5 grams of each of the ICSE-treated materials were centrifuged in 1957×g for 10 min. The supernatants were used for inhibitor and sugar concentration (C i) analysis by high-performance liquid chromatography analysis. The solid components were dried at 65 °C to get a constant weight (X 3). After the analysis of liquor solution, the inhibitor and sugar yield (mg/g) after ICSE pretreatment were calculated by the equation: inhibitor yield = C i × (5 − X 3)/X 3. All experiments were performed in triplicate and the results are presented as mean and standard derivation.

Compositional analysis

Untreated MDF and solid components of ICSE-pretreated samples were totally dried and finely ground to less than 40-mesh. 100 mg of each sample was mixed with 1 mL of 72% (w/v) sulfuric acid, and placed in the 50-mL colorimetric tube. The tubes were incubated at 30 °C water bath for 1 h with stirring every 10 min to ensure the intensive mixing. After 1 h, final concentration of acid was brought to 4% by adding 28 mL of deionized water, and was put in the autoclave at 121 °C for 1 h. After that, all tubes were left to cool down to room temperature, and the treated samples were filtered by the Buchner funnel with Whatman No.1 filter paper. The supernatants of each tube were used to analyze the glucose, cellobiose, xylose, and arabinose, representing cellulose and hemicellulose, respectively. The solid components were thoroughly washed and dried until it reached a constant weight, representing lignin and ash content. All experiments were performed in triplicate and the results are presented as mean and standard deviations (Sluiter et al. 2012).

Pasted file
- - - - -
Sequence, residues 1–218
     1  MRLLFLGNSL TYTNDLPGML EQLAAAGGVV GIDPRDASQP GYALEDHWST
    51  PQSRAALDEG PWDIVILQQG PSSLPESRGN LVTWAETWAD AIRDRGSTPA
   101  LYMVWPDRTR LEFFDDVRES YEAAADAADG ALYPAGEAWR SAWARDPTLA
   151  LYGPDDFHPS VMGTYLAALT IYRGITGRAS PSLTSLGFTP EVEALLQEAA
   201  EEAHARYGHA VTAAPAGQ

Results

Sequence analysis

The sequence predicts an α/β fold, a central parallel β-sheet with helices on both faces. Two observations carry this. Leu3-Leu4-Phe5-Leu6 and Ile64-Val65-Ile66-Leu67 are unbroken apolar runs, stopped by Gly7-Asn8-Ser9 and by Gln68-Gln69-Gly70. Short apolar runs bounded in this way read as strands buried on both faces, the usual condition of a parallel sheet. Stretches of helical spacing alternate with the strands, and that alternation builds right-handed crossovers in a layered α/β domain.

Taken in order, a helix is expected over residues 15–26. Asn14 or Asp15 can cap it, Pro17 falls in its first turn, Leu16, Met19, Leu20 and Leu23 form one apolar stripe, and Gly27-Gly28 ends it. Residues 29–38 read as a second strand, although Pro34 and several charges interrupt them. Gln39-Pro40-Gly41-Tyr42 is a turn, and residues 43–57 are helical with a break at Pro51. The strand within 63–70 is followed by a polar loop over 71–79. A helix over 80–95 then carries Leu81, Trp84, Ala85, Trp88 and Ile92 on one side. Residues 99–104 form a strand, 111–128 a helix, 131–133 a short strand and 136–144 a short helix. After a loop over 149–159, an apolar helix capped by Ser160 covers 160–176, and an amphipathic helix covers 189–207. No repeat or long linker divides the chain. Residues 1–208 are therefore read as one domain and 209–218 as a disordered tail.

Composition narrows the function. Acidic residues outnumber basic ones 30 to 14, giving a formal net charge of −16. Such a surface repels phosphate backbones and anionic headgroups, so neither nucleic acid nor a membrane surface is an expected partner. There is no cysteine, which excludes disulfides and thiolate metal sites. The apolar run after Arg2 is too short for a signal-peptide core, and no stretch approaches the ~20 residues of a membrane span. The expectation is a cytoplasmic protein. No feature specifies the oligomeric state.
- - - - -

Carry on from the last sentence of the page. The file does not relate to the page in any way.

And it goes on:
Enzymatic hydrolysis

Untreated and the solid fractions of ICSE-pretreated samples were accurately weighted (300 mg) and placed in the 50-mL colorimetric tubes, suspended in 30 mL buffer solution (acetic acid, pH 4.8) containing the enzyme at the ratio of 30 FPU/g. The mixture was incubated at 50 °C for 48 h followed by a centrifugation. Supernatant was subjected to sugar content analysis, as described previously (Liu et al. 2014a, b). The sugar yield was calculated by Eq. (1) below:
$${\text{Sugar yield}} (\% ) = \frac{{\left[ {\left( {{\text{glucose}} \times 0.9} \right) + \left( {{\text{xylose}} \times 0.8} \right)} \right]}}{\text{carbohydrate in biomass}} \times 100.$$

Glucose and xylose were analyzed by the HPLC. All experiments were performed in triplicate, and results are presented as mean and standard deviations.

High-performance liquid chromatography analysis

The supernatant from ICSE-pretreated samples and enzymatic hydrolysis were filtered through 0.45-μm filter and 20 µL of each sample was loaded to the ion exclusion column (300 mm × 7.8 mm, Bio-Rad, Hercules, Aminex HPX-87H) at 50 °C in HPLC system equipped with a refractive index detector and UV detector (Waters, MA, USA), for the quantitation of inhibitors and saccharides. Sulfuric acid 0.01 mol/L was used as mobile phase at flow rate 0.5 mL/min (Liu et al. 2014a).

Scanning electron microscopy (SEM)